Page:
When Emma was very young, she barely tolerated being read to. Unlike her older neuro-typical brother, Nic, who requested certain favorites over and over again, only to be delighted when a new book was presented, Emma would take hold of a select few and flip rapidly through the pages. It became apparent her interest was less about the book and more about the action of holding it and turning its pages. During those early years, before we were given her diagnosis I remained baffled by her behavior.
We are a reading family. Our home is filled with books on a wide variety of topics, fiction, non-fiction, poetry, memoirs, biography, it’s all there. When Nic was born I looked forward to introducing him to the books, which captured my attention and imagination when I was a child. We read to Nic every night and often still do.
When Emma was born, out came the now tattered edition of The Hungry Caterpillar, Brown Bear, Brown Bear, What do you see? Good Night Moon, its spine broken, held together with tape and hundreds of others. But Emma would squirm in my lap, push the book away, whimper and struggle until eventually I let her go. I was tenacious though and regularly took the children to Books of Wonder, the local bookstore where Nic promptly sat on the floor amidst a growing pile of books.
“Can I have this one?” he asked. “And this one?”
Emma went to the bookshelves, scanned them and upon seeing a book she was familiar with would pull it down. I don’t remember her ever pulling down a book we didn’t already own until she began going to preschool. Then we would purchase one or maybe two books she knew from school and she would flip through the pages like some sort of speed-reader. It was the same when she looked at photographs. Not really seeing them, there was no studying the photo or in the case of a book, the illustration. She methodically turned each page, seemingly without seeing.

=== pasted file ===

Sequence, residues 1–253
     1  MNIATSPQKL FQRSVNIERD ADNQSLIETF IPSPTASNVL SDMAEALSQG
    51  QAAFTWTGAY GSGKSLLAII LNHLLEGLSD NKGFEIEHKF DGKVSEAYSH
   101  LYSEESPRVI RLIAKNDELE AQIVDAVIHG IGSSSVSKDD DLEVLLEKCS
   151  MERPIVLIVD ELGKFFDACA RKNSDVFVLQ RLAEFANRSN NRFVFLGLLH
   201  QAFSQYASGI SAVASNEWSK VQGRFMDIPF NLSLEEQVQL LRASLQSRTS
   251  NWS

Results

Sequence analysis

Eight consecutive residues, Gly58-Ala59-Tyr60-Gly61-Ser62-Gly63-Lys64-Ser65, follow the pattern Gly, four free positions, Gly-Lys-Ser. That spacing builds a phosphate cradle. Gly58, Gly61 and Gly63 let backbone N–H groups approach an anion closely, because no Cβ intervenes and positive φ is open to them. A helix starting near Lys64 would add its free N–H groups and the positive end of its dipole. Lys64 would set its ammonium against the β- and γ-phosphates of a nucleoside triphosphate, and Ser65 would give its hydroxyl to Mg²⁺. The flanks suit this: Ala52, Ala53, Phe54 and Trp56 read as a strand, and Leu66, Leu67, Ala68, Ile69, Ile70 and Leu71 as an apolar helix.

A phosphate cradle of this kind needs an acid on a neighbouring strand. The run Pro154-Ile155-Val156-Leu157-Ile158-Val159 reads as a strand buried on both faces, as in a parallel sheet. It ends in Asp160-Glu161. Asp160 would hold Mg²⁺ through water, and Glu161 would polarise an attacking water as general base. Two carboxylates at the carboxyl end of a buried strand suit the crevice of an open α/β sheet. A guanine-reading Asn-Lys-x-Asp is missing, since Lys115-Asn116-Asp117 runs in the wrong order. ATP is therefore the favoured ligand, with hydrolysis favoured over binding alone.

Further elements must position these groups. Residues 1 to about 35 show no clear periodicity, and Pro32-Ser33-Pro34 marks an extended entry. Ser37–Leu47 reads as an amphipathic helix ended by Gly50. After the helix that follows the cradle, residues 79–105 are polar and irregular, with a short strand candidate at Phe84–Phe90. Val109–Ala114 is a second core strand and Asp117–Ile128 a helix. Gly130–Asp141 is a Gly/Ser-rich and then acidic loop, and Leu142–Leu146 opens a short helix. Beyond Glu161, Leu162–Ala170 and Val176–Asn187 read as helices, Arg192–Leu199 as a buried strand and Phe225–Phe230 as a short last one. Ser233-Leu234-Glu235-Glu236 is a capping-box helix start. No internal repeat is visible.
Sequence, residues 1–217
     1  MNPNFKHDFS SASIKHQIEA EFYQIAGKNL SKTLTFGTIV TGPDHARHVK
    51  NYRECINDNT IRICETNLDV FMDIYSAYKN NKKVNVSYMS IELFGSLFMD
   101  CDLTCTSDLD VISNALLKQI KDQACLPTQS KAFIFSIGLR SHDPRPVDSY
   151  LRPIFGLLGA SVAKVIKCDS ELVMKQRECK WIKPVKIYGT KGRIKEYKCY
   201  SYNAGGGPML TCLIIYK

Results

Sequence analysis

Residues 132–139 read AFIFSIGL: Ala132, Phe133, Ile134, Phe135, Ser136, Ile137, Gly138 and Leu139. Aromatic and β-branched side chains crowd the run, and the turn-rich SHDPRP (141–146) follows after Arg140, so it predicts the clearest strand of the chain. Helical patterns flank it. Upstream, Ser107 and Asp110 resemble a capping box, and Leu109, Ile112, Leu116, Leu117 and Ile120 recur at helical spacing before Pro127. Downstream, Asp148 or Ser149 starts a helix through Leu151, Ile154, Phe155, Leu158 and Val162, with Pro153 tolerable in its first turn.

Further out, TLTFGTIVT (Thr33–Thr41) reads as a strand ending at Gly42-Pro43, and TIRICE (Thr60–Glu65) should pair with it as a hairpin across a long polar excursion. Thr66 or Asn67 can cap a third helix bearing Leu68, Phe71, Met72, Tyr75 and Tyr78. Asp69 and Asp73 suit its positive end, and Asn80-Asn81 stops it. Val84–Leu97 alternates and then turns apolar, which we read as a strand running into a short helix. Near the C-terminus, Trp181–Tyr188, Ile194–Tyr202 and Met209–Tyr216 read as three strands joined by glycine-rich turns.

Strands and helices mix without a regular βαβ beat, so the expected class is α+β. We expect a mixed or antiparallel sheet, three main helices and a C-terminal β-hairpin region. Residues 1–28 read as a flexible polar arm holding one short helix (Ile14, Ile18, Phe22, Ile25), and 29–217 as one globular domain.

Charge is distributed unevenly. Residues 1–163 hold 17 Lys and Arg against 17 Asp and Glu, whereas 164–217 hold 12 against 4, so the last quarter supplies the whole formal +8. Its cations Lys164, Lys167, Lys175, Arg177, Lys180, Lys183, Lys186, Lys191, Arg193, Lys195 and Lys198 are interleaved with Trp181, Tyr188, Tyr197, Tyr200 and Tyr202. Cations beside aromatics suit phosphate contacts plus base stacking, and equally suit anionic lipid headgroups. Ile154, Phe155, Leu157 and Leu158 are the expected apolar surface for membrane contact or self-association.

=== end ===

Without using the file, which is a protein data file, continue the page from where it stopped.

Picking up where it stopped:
Over the years Emma has shown a greater tolerance for the books we continue to try and entice her with. She has learned to sit patiently with me while I read to her. Sometimes she appears to even enjoy it. When she likes a book after I have finished reading it to her, she will grab the book from me and say, “Emma’s turn!”
Over the past six months I’ve noticed Emma is much more curious about the books I proffer. Now at night I typically choose one book Emma knows and has requested, at the moment her two favorites are Olivia Forms a Band and The Three Little Rigs, and several she’s never seen or expressed any desire in sitting through. Within the past month I have read, The Cat in the Hat, McElligot’s Pool, Dr. Seuss’s Sleep Book, If I Ran The Zoo, Olivia Saves the Circus, Olivia and the Missing Toy, The Giving Tree, the list goes on.
When I was pregnant with Emma, I fantasized I would read to her and Nic at night the books I remember being read to by my mother. Every Sunday night my father would take my brothers to the living room where he would read King Arthur and the Knights of the Round Table, The Hobbit, among others. My fathers’ booming voice would make its way down the hallway into my parent’s room where my sister and I were lying on either side of my mother. We would roll our eyes at each other and occasionally my sister would request that she be allowed to sit with our brothers and listen to whatever my father was reading. Meanwhile my mother read: Mary Poppins, Winnie the Pooh, and later books such as My Family and Other Animals. I can still remember my heartbreak when a book came to a close. A few times I even cried when a book came to its conclusion because I could not stand it had come to an end.
That Emma is showing pleasure in being read to, fills me with joy.
Just one more small step forward…